Rani

Practicing winter
Does not blunt the icy shards,
Mother’s heart is pierced.

Rani is about five.  I remember the government officer asking, “You mean you will take Rani too?”  I’m still not sure why he asked, but she is different from the others.  She used to spin around and around, and bang her head, and wave her arms — and she didn’t seem too aware of what was going on around her.  And she had some pretty disgusting habits, which is probably why her family could not keep her.  But she is a sweet child, and her spinning stopped, and she only hits her head if she feels she is being seriously ignored.  She learned not to pull off my glasses because I yelled really loud!  Instead she reaches and pulls my head down so she can kiss me.  Rani loves Barney songs, and will watch a DVD for hours, waving her hands.  she has rhythm and sometimes i enjoy tapping with her. She has no understandable language.

Last week Rani had a seizure that did not stop, and she was in the pediatric intensive care unit at Calcutta Hospital for two days.  One of her caretakers was always with her.  The emergency room took her immediately, and the hospital care was excellent.  Since we had no history we decided to do some investigation, thus the icy shards.

I’m a doctor but in these situations I’m more mother than doctor.  I know this child has no language, little understanding, can’t walk because she has little control over her limbs, and can’t talk.  She can feed herself finger food, but cannot take care of any other of her needs.  someone once referred to her as retarded and i was so angry.  I remember thinking, “how dare he call her retarded!’  To repeat, I lose my clinical objectivity with my kids, and these children have become My kids.”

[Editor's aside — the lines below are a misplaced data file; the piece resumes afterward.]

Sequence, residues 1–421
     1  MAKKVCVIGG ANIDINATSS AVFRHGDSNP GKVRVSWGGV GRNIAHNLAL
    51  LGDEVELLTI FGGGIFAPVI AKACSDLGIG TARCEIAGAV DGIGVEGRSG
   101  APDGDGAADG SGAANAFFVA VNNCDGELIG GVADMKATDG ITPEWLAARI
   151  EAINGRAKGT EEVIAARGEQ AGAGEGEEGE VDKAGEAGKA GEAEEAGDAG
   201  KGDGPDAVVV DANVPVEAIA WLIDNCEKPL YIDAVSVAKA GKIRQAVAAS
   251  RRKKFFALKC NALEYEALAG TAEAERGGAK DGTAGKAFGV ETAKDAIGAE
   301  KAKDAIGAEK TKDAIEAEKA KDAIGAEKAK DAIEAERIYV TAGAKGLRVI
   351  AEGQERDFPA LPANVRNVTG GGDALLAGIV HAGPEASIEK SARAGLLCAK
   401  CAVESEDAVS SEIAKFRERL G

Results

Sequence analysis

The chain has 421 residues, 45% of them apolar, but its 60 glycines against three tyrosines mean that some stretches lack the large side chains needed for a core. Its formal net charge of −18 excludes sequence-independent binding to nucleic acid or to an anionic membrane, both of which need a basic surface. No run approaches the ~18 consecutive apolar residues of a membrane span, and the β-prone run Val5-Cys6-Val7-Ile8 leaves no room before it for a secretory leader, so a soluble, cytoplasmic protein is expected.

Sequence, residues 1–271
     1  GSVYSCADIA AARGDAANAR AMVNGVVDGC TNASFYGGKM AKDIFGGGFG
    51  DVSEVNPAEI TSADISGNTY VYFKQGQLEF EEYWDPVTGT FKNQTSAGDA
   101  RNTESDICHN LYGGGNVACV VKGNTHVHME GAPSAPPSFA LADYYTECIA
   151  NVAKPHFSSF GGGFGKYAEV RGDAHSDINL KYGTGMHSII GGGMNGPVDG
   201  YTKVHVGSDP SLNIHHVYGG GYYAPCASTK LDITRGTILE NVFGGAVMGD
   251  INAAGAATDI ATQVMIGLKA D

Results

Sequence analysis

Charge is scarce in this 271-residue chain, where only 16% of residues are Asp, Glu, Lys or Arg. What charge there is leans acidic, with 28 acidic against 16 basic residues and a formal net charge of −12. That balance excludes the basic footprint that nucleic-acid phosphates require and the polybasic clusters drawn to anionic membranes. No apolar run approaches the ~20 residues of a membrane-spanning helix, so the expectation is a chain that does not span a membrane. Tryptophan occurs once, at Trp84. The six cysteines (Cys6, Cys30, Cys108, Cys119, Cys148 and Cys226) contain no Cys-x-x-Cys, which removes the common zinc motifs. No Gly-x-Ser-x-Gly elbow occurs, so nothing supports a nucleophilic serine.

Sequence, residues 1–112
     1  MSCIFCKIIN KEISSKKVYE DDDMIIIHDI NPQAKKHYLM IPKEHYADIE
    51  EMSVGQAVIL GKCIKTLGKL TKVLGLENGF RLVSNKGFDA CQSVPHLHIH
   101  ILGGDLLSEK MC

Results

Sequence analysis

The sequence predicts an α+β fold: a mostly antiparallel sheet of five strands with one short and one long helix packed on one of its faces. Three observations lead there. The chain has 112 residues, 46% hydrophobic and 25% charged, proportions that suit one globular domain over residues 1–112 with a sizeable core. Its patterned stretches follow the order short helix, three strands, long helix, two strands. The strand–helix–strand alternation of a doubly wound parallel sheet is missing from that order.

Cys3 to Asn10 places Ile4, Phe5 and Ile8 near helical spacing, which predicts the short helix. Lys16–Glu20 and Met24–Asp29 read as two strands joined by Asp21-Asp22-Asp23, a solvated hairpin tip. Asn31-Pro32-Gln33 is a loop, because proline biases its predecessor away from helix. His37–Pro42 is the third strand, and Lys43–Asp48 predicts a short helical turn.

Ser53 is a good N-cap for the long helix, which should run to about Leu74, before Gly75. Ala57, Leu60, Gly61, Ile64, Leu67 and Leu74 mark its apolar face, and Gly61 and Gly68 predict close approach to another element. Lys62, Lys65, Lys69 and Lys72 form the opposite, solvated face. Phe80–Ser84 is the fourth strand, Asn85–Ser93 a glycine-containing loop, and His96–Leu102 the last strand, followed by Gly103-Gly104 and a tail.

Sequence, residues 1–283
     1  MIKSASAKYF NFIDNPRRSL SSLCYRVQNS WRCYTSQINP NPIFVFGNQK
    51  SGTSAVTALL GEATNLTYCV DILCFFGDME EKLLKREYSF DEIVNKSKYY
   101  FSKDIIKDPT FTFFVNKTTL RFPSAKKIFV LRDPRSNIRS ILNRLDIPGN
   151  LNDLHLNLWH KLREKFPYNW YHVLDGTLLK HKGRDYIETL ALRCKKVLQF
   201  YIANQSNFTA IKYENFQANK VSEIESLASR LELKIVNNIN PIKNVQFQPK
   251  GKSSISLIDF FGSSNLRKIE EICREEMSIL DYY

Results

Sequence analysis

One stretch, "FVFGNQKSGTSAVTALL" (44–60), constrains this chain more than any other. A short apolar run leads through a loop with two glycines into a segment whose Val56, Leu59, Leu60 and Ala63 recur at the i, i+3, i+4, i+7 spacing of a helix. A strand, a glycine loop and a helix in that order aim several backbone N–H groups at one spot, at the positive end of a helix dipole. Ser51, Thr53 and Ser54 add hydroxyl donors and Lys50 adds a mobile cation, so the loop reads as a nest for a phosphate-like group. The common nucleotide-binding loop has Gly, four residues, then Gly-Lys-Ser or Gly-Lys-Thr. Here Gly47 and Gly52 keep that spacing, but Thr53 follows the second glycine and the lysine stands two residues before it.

Then i read the EEG report… slow background waves, encephalopathy.  This is very bad.  How could I not have been prepared?  Knowing, seeing, cutting through levels of denial, the things we tell ourselves.  I wrote to a friend that sometimes I think Rani will just snap out of her state and talk to me.  This will not happen, I tell myself.

How do I look at her now?  I’m sad.  I want her life to be as good as it can be.  I wonder what happened to her — probably post measles and/or chickenpox.  And today I found myself wondering about spirit.  Where is spirit?  Is it affected by brain injury, encephalopathy?  She is sweet.  She is innocent.  Whatever her life is, I’m glad she is here.  She is a part of our family; she is one of us.

Why Blog?

I blog in my head all day long.  I mean, I am telling the story as i live it, playing with words and images to paint the pictures of the thoughts and feelings as they happen or as they have just happened.  These days I want to blog about happiness. 

There have been bad moments, many of them, and there will be more, but I tend to forget bad times, like forgetting labor.  I live much in the moment.  It hasn’t been easy starting an orphanage in Kolkata.  It’s still not easy, but when I’m with the children, or when the community gives us the support I’d hoped for, the hard times fade.  I feel blessed to be living this life.